Evidence for dupilumab in teens with atopic dermatitis


By Mardi Chapman

14 Nov 2019

Dupilumab is effective in easing symptoms in adolescents with moderate to severe atopic dermatitis, according to research published in JAMA Dermatology.

A phase 3 randomised controlled trial compared 16 weeks of fortnightly (200 or 300 mg) or monthly (300 mg) dupilumab monotherapy with placebo in 250 adolescents, 12 to 18 year old.

The study found a significantly higher proportion of patients in all dupilumab groups (41.5% with fortnightly dosing; 38.1% with monthly dosing) reached EASI-75 by the end of treatment period compared to controls (8.2%).

The proportions of patients reaching the Investigator’s Global Assessment (IGA) score of 0 or 1 was also significantly higher with fortnightly (24.4%) and monthly treatment (17.9%) compared to placebo (2.4%).

Secondary outcomes including Peak Pruritus NRS, patient reported itch and sleep, and quality of life also favoured the monoclonal antibody.

“In addition, the proportion of patients requiring rescue medication was higher in the placebo group than the dupilumab groups (every 2weeks, 20.7%; every 4weeks, 32.1%; placebo, 58.8%),” the study authors said.

“Both dupilumab groups showed reductions from baseline in blood eosinophil count and significant suppression of blood lactate dehydrogenase level, serum thymus and activation regulated chemokine (TARC) (also known as CCL17), and total IgE concentrations compared with placebo.”

Patients with comorbid asthma or allergic rhinitis also experienced greater improvement in their symptoms with dupilumab treatment.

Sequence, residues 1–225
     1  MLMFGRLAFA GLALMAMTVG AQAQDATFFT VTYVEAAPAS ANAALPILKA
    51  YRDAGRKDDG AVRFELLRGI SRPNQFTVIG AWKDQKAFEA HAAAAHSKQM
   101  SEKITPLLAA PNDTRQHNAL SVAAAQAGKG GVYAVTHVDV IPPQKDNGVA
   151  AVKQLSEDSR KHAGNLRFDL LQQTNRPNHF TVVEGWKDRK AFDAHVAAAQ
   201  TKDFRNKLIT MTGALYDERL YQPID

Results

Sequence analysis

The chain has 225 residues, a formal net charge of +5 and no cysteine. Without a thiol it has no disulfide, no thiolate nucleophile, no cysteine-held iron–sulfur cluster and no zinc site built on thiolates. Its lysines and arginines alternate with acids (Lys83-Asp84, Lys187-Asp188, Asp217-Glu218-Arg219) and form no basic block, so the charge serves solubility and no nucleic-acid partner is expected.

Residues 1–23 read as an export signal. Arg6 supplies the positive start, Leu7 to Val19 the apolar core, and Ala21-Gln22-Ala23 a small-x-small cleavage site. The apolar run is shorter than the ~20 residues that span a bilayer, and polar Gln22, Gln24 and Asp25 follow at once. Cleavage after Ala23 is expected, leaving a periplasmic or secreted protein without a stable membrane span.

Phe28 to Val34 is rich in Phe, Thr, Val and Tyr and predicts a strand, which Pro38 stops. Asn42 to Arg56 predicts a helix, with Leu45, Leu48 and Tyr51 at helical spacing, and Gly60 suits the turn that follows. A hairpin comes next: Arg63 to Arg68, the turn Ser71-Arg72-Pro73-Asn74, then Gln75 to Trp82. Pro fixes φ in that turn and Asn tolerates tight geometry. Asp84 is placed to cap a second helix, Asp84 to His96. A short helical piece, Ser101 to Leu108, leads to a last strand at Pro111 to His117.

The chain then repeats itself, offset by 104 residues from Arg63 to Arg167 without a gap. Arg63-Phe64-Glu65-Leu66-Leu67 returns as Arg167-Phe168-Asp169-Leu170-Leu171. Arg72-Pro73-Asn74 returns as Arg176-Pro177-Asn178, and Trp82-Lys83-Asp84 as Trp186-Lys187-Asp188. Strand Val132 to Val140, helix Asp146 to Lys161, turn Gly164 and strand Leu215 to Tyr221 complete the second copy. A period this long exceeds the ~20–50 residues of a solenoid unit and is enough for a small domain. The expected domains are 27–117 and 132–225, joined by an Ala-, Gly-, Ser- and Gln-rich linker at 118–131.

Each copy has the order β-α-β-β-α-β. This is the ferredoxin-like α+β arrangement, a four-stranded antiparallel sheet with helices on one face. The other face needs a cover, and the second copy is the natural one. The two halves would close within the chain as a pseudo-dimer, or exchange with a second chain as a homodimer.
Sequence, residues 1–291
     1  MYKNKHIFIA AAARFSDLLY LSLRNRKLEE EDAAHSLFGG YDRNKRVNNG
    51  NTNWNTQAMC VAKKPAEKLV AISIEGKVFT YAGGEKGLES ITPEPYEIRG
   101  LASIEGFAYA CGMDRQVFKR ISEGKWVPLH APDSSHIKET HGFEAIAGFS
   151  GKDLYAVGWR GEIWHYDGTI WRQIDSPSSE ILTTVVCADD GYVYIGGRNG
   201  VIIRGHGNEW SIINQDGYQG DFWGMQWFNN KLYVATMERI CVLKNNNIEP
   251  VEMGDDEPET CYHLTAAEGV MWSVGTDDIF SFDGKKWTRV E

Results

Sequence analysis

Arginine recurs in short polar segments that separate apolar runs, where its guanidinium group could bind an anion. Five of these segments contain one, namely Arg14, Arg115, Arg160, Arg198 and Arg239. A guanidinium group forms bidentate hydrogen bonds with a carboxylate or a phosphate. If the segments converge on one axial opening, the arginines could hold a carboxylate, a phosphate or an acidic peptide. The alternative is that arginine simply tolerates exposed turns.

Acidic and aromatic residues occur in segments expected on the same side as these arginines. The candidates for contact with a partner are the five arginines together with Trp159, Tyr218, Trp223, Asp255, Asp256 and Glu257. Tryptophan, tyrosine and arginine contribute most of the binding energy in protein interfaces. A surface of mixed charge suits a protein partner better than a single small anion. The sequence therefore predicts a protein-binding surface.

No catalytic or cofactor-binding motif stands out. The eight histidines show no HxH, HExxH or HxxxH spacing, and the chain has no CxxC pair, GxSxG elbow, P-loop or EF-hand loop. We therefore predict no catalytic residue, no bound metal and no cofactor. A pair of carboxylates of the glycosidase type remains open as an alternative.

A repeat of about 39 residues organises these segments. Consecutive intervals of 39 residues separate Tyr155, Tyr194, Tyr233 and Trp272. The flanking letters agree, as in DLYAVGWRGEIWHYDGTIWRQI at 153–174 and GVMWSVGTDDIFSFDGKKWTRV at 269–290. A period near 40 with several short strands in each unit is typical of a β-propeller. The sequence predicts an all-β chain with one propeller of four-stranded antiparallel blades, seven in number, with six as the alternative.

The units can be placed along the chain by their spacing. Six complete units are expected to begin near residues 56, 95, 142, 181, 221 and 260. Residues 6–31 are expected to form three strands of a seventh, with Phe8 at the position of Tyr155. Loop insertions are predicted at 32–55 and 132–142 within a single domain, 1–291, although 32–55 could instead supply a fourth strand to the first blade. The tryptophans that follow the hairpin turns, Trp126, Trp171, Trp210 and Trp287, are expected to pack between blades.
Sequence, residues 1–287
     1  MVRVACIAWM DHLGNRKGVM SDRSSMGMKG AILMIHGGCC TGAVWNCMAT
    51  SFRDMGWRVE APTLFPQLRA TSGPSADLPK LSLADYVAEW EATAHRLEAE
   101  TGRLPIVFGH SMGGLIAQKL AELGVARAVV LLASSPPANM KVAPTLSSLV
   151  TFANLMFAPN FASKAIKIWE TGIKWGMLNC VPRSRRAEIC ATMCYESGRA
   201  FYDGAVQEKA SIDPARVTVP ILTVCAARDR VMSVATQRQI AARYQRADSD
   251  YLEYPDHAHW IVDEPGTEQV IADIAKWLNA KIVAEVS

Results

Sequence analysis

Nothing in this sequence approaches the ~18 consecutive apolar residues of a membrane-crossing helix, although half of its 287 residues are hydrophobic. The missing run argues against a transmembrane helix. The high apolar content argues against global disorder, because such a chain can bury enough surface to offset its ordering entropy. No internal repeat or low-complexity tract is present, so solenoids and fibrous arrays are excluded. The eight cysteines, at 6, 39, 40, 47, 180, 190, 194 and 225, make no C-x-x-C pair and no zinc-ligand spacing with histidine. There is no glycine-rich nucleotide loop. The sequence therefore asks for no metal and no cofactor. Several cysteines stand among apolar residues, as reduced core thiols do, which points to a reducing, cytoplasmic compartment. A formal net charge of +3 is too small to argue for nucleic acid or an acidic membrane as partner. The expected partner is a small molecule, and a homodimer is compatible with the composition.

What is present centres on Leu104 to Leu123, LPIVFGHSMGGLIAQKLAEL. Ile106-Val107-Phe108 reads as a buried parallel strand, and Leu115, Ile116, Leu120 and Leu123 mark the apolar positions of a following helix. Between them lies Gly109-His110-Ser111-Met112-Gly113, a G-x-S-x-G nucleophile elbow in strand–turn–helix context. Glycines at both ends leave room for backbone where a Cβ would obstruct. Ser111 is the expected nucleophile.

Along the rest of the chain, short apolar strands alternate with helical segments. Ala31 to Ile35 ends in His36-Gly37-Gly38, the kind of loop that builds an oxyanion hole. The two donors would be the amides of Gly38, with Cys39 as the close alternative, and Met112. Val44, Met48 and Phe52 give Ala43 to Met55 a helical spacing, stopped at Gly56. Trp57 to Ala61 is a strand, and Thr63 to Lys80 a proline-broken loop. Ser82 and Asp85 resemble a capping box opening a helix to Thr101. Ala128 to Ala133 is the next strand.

Conjunctivitis and injection site reactions were higher in the treatment groups than controls, as previously reported in adult populations.

There were no serious adverse events and none leading to discontinuation of treatment.

“While the every-2-week and every-4-week regimens had similar safety, the every-2-week regimen was numerically superior in most categorical efficacy end points, including the proportion of patients with IGA 0 or 1.”

“Pharmacokinetic data support the every-2-week dosing approval, as this dose provided higher dupilumab trough concentrations—a factor associated with greater efficacy.”

“Dupilumab had an acceptable safety profile and the placebo adjusted efficacy and safety in adolescents with moderate to severe AD were similar to those in adults,” the study concluded.

PBS listing wait

With more evidence for the effectiveness of dupilumab in atopic dermatitis, the community will be keen to see more support in the form of a PBS listing.

PBAC has twice rejected submissions for dupilumab for the treatment of adult patients who are inadequately controlled on topical therapies.

“The PBAC acknowledged the effectiveness of dupilumab in a therapeutic area of high clinical need, however considered that dupilumab was not cost-effective at the price proposed in the resubmission,” the outcome statement from the July 2019 PBAC meeting said.

“The PBAC also considered that the criteria for defining the patient population for initial and continuing treatment did not appropriately consider the extent of disease in terms of the body surface area affected.”

“The PBAC considered that the estimated financial implications were very high and uncertain, and that a risk sharing arrangement would be necessary to manage the uncertainty in patient estimates, likely treatment duration and the potential for use outside the proposed restriction.”

Melbourne dermatologist Dr Gayle Ross told the limbic she was hopeful dupilumab would receive a PBS listing in the next year or so given its effectiveness.

“I think it is absolutely life-changing. The vast majority of patients who have taken it have no itch and they are able to lead a normal life.”

While private access was available, the cost of about $20,000 per year was prohibitive for most patients.

A Change.org petition supporting the PBS listing of dupilumab for this indication has been started by patients with dermatitis saying they will otherwise have to pay tens of thousands of dollars for the only treatment that has worked for them.

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